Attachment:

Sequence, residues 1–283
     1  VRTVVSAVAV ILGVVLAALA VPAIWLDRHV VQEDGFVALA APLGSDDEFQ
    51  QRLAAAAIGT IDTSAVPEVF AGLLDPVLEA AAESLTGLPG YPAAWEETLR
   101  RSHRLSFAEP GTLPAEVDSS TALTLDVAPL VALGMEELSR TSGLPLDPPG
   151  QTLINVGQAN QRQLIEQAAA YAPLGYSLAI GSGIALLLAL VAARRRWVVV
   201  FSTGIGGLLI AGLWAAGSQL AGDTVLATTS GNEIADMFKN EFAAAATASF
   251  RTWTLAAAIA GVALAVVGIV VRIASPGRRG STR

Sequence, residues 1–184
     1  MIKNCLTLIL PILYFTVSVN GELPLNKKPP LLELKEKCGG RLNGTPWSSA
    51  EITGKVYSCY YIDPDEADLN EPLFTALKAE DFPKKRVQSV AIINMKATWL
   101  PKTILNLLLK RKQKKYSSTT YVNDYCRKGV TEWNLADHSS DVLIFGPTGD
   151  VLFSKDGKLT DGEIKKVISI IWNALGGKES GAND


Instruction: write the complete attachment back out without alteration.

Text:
Sequence, residues 1–283
     1  VRTVVSAVAV ILGVVLAALA VPAIWLDRHV VQEDGFVALA APLGSDDEFQ
    51  QRLAAAAIGT IDTSAVPEVF AGLLDPVLEA AAESLTGLPG YPAAWEETLR
   101  RSHRLSFAEP GTLPAEVDSS TALTLDVAPL VALGMEELSR TSGLPLDPPG
   151  QTLINVGQAN QRQLIEQAAA YAPLGYSLAI GSGIALLLAL VAARRRWVVV
   201  FSTGIGGLLI AGLWAAGSQL AGDTVLATTS GNEIADMFKN EFAAAATASF
   251  RTWTLAAAIA GVALAVVGIV VRIASPGRRG STR

Sequence, residues 1–184
     1  MIKNCLTLIL PILYFTVSVN GELPLNKKPP LLELKEKCGG RLNGTPWSSA
    51  EITGKVYSCY YIDPDEADLN EPLFTALKAE DFPKKRVQSV AIINMKATWL
   101  PKTILNLLLK RKQKKYSSTT YVNDYCRKGV TEWNLADHSS DVLIFGPTGD
   151  VLFSKDGKLT DGEIKKVISI IWNALGGKES GAND